Forgiving the person who cheated may take time. If you can’t forgive eventually, you won’t move forward –alone or in the relationship. Forgiving someone doesn’t necessarily mean you will reconcile, but it is the first step if you choose to stay in the relationship.


ID-10064537It’s easy to do. You are bored, mad at your partner and notice a Facebook Message from an old flame. Your curiosity is peaked. What harm could it do to answer and catch up?

Next thing you know, you are sharing the details of your life, only you aren’t talking about your marriage.

The messages get longer and more detailed. Now, you are flirting. Then one day, you find out that he will be in your town on business and would like to meet over dinner. You don’t tell your husband. After all, this is only an old flame from high school.

At dinner, the spark ignites. Those cyber chats have brought you close together. And this is a man interested in you and listening to your life and dreams. You are in trouble!’s information library reports: [i]

•       57 percent of people use the Internet to cheat

•       38 percent of people have engaged in explicit online sexual conversations

•       50 percent of people have talked on the phone with someone they first chatted with online

•       31 percent of people have had an online conversation that has led to in-person sex.

 Infidelity is often opportunity-driven. Social media provide many opportunities!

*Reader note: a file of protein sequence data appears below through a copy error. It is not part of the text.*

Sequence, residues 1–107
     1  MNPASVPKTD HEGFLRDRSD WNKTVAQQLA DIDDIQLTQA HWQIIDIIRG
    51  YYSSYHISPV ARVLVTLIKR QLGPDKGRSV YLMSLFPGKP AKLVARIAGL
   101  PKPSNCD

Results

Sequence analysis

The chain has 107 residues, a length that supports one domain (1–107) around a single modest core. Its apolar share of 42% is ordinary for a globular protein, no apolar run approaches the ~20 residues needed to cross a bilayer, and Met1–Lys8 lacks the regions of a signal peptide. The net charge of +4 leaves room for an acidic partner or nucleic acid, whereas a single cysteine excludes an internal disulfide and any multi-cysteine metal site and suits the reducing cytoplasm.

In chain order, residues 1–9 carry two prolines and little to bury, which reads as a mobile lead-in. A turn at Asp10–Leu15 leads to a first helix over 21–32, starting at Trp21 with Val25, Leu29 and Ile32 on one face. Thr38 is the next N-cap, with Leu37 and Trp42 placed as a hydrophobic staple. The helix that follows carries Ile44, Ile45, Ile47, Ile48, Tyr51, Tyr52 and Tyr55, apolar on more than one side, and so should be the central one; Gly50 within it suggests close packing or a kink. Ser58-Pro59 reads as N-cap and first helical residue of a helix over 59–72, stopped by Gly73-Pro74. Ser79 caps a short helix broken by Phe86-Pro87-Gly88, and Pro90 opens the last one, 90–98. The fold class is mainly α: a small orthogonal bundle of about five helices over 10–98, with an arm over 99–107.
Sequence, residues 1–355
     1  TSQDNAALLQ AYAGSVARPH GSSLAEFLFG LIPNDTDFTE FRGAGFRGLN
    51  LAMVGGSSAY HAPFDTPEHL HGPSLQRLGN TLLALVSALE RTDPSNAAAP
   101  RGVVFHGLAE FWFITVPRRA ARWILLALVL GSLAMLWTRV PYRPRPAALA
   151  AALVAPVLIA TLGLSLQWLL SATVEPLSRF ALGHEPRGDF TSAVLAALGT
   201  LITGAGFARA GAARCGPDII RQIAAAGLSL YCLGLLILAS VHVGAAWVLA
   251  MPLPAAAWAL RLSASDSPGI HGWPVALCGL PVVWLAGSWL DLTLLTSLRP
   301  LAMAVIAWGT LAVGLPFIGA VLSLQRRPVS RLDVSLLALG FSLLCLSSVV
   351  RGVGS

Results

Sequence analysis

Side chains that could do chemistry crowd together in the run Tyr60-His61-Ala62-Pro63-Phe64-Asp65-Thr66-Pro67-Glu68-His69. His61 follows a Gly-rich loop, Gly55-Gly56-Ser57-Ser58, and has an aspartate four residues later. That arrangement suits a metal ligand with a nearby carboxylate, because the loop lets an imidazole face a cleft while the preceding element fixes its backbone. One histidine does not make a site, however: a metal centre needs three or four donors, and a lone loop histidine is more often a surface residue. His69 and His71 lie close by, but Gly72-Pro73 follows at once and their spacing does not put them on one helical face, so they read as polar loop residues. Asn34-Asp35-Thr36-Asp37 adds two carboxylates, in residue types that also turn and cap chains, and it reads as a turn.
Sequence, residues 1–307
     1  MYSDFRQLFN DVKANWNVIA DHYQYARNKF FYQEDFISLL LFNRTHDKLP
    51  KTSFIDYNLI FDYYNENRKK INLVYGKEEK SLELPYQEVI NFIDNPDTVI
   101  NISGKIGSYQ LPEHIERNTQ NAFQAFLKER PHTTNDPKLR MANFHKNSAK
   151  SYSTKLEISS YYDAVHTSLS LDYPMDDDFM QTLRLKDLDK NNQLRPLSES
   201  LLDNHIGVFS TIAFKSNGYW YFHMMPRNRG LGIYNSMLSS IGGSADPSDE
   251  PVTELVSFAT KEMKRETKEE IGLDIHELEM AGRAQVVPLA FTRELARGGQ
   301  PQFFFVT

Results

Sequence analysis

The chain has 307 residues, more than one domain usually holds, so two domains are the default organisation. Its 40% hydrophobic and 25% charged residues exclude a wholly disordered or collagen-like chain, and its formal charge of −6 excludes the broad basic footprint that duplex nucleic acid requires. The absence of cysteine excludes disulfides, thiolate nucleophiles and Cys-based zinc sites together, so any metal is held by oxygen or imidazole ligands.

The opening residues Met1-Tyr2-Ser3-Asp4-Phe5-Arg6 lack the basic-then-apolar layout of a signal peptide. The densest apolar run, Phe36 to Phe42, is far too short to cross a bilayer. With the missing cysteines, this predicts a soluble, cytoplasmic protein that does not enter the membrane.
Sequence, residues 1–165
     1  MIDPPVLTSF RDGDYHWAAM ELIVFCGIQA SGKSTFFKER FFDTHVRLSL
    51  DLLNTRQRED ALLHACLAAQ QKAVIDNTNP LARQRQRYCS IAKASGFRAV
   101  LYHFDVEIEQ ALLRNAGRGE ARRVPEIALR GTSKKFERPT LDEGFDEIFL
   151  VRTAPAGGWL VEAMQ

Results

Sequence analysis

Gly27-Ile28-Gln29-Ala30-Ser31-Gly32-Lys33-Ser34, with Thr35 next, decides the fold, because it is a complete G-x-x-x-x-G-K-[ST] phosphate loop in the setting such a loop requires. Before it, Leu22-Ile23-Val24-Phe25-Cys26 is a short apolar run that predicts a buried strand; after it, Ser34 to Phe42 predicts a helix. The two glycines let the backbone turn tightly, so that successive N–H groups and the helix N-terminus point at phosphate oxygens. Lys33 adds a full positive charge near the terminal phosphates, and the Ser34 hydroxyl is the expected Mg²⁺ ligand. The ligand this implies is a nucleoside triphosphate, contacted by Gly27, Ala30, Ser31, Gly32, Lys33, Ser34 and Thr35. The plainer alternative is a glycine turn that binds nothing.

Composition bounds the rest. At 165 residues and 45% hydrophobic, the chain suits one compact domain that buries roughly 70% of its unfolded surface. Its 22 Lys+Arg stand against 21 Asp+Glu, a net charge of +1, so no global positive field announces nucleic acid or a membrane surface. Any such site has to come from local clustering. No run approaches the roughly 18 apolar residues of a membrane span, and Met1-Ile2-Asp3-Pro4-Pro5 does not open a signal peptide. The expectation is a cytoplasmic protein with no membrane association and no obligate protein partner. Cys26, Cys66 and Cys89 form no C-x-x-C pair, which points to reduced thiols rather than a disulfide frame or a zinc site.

Posts that become too intimate or tantalizing can quickly transform a trusted partner to a tempted one. Fast and easy emotional availability and regular communication with former friends and lovers can lead to affairs, both emotional and physical.

Safeguards are needed. Here are 5 to help:

1) Don’t friend a former flame or ex. Resist the temptation and flee!

2) Don’t hide that you are married. This is the beginning of secrets and deception.

3)  Think of every line you write as a face-to-face conversation. Would you say those things if your partner could hear them? If not, don’t say it.

4) Check the frequency of your communication. Frequency can build intimacy.

5) Stop flirting and hit De-friend. If you’ve crossed the line, end it now!



Source;  Lindsay Shugeman, “Percentage of Married Couples Who Cheat,”,

ID-100237853My father has type 2 diabetes. His mother had it as well. Does this mean I will get it too?

Most of us look at our family history of disease and wonder if we inherited our parents’ illnesses. We worry that because our parents had cancer, diabetes or some other type of illness, that we will get it too. Well, the good news is that you may or may not!

And there may be something you can do to lower the risk of that problematic genetic information.

For some diseases, inherited genes up your risk of getting the disease, e.g., Huntington’s, ALS, etc. But for others, like type 2 diabetes, lifestyle can activate or inactivate those genes. In other words, our behavioral choices matter.

What are those lifestyle behaviors? The usual suspects:

1) Healthy diet

2) Exercise

3) No smoking

4) Weight control

5) Stress reduction

So while we can’t control our inherited genes (you get what you get), we can control our behavior, which can reduce our risk of getting certain diseases. The genes do not change, but our behavior changes the way the genetic information is used.

So stop worrying! That creates# 5 on the list! Instead, take action and do what you can to lower your risk!